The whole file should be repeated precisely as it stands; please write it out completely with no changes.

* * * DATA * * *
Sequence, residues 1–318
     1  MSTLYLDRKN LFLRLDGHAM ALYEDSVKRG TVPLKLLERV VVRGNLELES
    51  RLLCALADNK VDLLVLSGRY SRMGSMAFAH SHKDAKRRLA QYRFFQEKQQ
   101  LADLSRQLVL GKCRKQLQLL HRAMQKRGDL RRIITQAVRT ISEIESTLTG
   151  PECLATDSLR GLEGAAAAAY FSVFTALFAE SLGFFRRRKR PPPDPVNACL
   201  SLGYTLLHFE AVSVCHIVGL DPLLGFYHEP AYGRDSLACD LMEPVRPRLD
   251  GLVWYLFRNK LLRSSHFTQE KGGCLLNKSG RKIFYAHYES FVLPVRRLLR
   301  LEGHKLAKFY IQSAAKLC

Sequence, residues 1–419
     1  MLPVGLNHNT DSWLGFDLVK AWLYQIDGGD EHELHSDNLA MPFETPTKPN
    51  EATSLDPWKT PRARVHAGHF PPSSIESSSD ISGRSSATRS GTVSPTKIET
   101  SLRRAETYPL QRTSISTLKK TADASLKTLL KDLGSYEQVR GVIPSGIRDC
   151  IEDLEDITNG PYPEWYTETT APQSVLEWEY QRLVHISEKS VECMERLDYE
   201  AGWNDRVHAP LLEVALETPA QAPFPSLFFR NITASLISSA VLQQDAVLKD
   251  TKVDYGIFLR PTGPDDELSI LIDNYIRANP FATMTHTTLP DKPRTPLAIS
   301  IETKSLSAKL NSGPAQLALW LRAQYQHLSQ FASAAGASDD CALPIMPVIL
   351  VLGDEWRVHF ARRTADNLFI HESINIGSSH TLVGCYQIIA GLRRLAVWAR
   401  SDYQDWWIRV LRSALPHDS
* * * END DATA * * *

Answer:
Sequence, residues 1–318
     1  MSTLYLDRKN LFLRLDGHAM ALYEDSVKRG TVPLKLLERV VVRGNLELES
    51  RLLCALADNK VDLLVLSGRY SRMGSMAFAH SHKDAKRRLA QYRFFQEKQQ
   101  LADLSRQLVL GKCRKQLQLL HRAMQKRGDL RRIITQAVRT ISEIESTLTG
   151  PECLATDSLR GLEGAAAAAY FSVFTALFAE SLGFFRRRKR PPPDPVNACL
   201  SLGYTLLHFE AVSVCHIVGL DPLLGFYHEP AYGRDSLACD LMEPVRPRLD
   251  GLVWYLFRNK LLRSSHFTQE KGGCLLNKSG RKIFYAHYES FVLPVRRLLR
   301  LEGHKLAKFY IQSAAKLC

Sequence, residues 1–419
     1  MLPVGLNHNT DSWLGFDLVK AWLYQIDGGD EHELHSDNLA MPFETPTKPN
    51  EATSLDPWKT PRARVHAGHF PPSSIESSSD ISGRSSATRS GTVSPTKIET
   101  SLRRAETYPL QRTSISTLKK TADASLKTLL KDLGSYEQVR GVIPSGIRDC
   151  IEDLEDITNG PYPEWYTETT APQSVLEWEY QRLVHISEKS VECMERLDYE
   201  AGWNDRVHAP LLEVALETPA QAPFPSLFFR NITASLISSA VLQQDAVLKD
   251  TKVDYGIFLR PTGPDDELSI LIDNYIRANP FATMTHTTLP DKPRTPLAIS
   301  IETKSLSAKL NSGPAQLALW LRAQYQHLSQ FASAAGASDD CALPIMPVIL
   351  VLGDEWRVHF ARRTADNLFI HESINIGSSH TLVGCYQIIA GLRRLAVWAR
   401  SDYQDWWIRV LRSALPHDS